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The Viking Field, Blocks 49/12a, 49/16, 49/17, UK North Sea

By
Hugh Riches
Hugh Riches
ConocoPhillips (UK) Ltd, Rubislaw House, Anderson Drive, Aberdeen AB15 6FZ, UK
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Published:
January 01, 2003

Abstract

First production from the Viking Fields began in 1972 and at its peak a total of 13 platforms produced at rates up to 950 MMSCF/D from 20 wells. This supplied around 10% of the United Kingdom’s natural gas requirements, 27 years on, that rate had declined to approximately 40 MMSCF/D. However following an extremely successfulinfield drilling programme in the mid 1990s, significant volumes of new gas have been discovered and new technology has facilitated the development of accumulations previously considered non-commercial. This has led to threenew developments within the Viking area: the Vampire Field on the eastern margin; Kx to the south of the Philips’ Alison Field; and four previously non-producing fields, captured within the Phoenix Development.

The major change since Morgan (1991) has primarily been the re-negotiation of the gas sales contract and the removal of the Gas Levy in 1992. This provided favourable marketing conditions for the development of additionalViking gas production and initiated an appraisal programme for remaining reserves. This programme, which will bethe focus of this paper, began with the acquisition of a 3D seismic survey in 1993 and has concluded in the development of the Viking Extensions in 1998, now known as the Phoenix Development.

The Leman Sandstone Formation forms the reservoir and consists of aeolian and fluvial sandstones, which are interbedded in the north of the area with silty shales deposited within a sabkha environment. Hydrocarbons were sourced from the underlying Carboniferous Westphalian coals and carbonaceous shales, and migration into the Rotliegendes Group probably occurred during the Late Cretaceous to Early Tertiary.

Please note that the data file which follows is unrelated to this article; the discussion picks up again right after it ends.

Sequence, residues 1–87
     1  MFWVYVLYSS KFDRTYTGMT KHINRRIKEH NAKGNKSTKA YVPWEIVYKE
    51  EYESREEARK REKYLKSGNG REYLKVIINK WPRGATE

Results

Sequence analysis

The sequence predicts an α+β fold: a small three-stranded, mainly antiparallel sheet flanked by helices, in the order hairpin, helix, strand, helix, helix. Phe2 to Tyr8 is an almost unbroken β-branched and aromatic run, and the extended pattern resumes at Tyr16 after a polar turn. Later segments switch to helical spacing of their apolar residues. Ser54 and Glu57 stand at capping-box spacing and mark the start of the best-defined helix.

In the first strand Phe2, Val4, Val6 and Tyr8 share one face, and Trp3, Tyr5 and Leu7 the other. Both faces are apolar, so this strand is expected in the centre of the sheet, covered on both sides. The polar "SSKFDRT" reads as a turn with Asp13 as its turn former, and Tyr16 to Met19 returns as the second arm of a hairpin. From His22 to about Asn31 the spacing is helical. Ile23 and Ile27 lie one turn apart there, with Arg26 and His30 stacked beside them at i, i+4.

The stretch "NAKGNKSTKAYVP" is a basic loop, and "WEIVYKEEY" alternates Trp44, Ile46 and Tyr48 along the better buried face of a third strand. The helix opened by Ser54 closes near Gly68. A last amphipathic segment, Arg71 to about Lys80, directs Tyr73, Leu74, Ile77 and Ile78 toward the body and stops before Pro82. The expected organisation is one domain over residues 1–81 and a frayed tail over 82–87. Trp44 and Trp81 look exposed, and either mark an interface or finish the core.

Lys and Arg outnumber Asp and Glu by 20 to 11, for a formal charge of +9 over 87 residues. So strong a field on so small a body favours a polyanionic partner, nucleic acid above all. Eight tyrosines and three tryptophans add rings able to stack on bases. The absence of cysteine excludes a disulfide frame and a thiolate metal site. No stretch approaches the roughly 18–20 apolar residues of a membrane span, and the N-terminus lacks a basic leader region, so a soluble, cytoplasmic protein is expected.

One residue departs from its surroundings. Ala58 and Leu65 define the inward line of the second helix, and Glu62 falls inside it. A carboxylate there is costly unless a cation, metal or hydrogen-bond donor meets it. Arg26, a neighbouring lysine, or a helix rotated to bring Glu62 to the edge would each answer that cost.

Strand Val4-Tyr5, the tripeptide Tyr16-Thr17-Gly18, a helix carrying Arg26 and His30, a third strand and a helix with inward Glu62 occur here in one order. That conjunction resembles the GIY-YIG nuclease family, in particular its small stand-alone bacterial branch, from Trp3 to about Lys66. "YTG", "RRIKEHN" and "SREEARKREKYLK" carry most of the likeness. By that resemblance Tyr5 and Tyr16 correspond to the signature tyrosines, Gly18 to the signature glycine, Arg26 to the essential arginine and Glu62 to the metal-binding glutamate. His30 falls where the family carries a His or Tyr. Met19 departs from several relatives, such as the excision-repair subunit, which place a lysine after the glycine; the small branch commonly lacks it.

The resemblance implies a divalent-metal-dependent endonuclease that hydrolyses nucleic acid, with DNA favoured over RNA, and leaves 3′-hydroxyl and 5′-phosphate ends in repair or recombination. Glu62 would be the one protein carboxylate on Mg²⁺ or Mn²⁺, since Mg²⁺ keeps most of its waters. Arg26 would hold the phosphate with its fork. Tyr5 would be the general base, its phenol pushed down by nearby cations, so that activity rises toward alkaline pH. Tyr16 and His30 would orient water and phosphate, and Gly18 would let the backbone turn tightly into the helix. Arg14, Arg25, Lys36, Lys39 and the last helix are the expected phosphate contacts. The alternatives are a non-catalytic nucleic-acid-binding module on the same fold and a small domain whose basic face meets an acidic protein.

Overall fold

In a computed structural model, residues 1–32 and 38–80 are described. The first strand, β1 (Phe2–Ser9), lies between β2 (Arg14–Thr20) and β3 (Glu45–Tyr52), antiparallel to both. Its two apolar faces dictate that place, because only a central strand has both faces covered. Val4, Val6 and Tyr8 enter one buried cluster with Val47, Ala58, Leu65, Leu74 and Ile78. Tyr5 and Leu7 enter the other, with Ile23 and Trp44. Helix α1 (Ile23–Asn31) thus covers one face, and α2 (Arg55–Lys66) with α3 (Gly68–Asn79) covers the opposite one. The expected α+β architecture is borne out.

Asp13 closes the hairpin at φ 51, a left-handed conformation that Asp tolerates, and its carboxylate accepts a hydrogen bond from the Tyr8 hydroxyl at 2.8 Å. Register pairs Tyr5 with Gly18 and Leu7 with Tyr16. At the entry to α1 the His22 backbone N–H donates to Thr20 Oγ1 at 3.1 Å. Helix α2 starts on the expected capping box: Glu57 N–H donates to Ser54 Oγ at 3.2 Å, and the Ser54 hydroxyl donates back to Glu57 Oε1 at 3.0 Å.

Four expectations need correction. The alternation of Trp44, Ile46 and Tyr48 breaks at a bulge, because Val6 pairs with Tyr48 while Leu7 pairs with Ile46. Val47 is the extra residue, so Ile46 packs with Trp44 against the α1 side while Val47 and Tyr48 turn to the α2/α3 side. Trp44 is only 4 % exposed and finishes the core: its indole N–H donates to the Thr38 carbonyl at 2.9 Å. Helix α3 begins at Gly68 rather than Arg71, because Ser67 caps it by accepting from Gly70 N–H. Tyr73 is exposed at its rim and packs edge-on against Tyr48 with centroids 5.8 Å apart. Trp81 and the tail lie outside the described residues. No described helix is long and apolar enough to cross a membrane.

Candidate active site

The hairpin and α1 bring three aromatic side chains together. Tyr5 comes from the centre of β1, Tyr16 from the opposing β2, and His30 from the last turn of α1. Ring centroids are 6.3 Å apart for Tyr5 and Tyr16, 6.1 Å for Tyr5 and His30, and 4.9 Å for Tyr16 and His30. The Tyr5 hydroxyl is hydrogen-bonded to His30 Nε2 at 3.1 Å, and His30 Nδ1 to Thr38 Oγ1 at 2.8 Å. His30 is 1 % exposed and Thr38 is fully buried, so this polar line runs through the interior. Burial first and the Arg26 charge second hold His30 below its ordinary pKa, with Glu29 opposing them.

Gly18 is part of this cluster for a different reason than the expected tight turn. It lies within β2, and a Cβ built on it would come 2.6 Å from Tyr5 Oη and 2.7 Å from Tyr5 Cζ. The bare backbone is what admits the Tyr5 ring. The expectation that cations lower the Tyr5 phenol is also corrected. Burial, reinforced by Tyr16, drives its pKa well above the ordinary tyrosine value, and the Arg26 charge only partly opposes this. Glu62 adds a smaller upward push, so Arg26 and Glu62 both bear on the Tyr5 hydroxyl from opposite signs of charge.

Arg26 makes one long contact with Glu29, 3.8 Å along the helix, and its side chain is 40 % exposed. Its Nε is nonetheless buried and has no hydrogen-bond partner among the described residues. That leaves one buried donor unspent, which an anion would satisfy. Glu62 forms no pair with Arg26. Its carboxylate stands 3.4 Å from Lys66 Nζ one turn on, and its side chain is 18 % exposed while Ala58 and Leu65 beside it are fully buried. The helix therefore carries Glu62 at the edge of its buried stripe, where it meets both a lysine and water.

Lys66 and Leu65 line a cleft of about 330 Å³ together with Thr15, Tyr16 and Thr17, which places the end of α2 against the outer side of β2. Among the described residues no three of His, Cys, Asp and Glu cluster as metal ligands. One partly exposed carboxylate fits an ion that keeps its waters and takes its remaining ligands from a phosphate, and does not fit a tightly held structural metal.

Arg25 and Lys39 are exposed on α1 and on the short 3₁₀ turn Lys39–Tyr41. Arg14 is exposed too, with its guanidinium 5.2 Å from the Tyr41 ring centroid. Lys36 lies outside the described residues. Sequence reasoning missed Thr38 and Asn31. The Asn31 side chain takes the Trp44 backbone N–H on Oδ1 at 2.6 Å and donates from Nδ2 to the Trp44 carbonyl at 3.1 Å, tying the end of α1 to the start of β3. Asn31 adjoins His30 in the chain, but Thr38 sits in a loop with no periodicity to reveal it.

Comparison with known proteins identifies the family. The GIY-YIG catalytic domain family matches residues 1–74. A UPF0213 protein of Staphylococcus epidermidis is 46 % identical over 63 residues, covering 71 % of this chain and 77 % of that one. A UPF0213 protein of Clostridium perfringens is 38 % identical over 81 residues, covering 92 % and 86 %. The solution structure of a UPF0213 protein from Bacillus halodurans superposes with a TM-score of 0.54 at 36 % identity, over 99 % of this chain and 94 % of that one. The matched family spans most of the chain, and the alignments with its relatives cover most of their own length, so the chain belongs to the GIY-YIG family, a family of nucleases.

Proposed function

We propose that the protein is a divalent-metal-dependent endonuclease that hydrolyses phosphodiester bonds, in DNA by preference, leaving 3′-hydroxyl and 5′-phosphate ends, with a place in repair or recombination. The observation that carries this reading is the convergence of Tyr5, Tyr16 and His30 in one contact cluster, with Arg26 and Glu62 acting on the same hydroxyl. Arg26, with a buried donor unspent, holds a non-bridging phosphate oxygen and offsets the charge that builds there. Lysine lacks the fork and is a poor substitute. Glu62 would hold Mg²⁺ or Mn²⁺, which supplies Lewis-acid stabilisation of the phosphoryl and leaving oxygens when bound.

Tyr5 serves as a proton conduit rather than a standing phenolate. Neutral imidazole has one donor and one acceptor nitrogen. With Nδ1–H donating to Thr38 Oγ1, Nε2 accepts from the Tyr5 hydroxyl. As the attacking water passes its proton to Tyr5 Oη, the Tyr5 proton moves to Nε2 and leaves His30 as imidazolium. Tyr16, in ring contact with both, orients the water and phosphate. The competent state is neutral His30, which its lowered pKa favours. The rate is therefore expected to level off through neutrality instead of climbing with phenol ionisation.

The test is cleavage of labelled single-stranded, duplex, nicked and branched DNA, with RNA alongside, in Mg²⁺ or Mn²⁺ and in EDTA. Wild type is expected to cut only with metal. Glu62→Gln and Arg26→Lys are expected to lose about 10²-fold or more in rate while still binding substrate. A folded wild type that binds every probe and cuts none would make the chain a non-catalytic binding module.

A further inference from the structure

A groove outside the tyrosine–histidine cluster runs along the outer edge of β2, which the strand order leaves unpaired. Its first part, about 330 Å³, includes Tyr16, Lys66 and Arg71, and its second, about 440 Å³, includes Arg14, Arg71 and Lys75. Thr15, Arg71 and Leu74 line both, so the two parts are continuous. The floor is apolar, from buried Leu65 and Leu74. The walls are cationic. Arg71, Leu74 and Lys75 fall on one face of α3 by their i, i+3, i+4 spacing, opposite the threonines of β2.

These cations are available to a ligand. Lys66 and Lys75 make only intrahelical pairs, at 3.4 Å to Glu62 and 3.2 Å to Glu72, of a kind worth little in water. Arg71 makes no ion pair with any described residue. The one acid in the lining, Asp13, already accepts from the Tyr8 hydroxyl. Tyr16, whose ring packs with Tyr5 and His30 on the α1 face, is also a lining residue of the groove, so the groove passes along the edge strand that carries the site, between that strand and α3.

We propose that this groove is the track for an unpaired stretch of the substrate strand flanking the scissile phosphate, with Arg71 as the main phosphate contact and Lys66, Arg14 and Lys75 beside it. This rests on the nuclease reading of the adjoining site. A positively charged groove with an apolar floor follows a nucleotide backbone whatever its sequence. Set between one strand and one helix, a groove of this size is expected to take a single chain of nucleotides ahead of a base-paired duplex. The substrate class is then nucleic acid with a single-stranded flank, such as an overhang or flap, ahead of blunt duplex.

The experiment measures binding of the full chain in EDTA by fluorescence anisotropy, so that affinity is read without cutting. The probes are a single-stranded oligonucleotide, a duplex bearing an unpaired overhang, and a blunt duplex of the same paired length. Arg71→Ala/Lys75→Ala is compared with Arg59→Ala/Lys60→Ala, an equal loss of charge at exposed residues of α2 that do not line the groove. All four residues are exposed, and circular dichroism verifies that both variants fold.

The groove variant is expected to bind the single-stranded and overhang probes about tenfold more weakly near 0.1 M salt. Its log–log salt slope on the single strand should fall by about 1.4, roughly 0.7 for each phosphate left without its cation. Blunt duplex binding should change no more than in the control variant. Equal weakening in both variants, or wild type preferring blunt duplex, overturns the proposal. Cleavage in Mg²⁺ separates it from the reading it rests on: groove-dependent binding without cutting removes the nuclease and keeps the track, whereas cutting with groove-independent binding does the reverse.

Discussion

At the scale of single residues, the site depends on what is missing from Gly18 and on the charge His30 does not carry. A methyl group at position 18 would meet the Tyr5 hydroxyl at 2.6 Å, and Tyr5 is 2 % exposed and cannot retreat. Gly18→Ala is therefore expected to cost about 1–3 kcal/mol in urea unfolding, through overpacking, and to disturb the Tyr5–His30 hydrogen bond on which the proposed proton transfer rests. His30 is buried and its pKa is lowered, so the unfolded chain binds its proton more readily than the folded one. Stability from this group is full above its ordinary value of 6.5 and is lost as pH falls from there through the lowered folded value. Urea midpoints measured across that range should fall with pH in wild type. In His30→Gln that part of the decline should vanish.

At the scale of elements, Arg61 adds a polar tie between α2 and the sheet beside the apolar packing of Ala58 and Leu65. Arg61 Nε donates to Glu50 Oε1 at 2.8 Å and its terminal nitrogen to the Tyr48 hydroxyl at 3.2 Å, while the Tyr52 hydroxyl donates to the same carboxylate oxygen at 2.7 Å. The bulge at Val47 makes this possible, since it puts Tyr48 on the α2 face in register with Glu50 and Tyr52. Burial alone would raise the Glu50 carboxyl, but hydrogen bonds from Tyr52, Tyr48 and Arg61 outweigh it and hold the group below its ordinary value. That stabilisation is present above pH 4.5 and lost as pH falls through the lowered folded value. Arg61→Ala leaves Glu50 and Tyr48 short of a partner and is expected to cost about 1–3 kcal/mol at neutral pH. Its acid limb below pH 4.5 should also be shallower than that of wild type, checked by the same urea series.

The average daily production from the original Viking A and B fields and associated satellites had declined to 196 MMSCF/D by March 1989, peaking to over 300 MMSCF/D with seasonal demand. By October 1999, this had furtherreduced to around 40 MMSCF/D. Production from the Phoenix wells is currently at around 290 MMSCF/D, with furtherdevelopment wells planned. Cumulative production to date is approximately 2880 BCF.

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Contents

Geological Society, London, Memoirs

United Kingdom Oil and Gas Fields Commemorative Millennium Volume

J. G. Gluyas
J. G. Gluyas
Acorn Oil Gas Ltd, Staines, Middlesex, UK
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H. M. Hichens
H. M. Hichens
Oil and Gas Directorate, London, UK
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Geological Society of London
Volume
20
ISBN electronic:
9781862393950
Publication date:
January 01, 2003

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